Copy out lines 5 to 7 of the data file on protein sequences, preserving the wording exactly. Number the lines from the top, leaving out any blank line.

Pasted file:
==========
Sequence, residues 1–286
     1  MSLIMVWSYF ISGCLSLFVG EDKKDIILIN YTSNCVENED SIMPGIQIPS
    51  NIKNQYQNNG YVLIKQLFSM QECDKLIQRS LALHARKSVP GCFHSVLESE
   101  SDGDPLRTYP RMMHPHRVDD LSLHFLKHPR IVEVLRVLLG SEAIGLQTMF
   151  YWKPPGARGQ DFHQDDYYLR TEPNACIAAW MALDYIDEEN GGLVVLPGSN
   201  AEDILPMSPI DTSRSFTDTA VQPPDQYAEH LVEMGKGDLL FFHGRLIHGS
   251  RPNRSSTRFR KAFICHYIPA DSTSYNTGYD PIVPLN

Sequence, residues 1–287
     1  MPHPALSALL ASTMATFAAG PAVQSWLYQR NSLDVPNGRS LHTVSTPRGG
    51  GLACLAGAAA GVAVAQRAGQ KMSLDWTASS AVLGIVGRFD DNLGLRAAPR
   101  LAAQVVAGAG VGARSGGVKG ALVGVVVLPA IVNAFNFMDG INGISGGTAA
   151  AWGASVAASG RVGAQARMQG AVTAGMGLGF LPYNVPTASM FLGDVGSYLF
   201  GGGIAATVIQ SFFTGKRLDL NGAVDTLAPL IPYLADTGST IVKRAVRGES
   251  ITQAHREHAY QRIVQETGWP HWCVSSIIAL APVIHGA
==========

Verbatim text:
   151  YWKPPGARGQ DFHQDDYYLR TEPNACIAAW MALDYIDEEN GGLVVLPGSN
   201  AEDILPMSPI DTSRSFTDTA VQPPDQYAEH LVEMGKGDLL FFHGRLIHGS
   251  RPNRSSTRFR KAFICHYIPA DSTSYNTGYD PIVPLN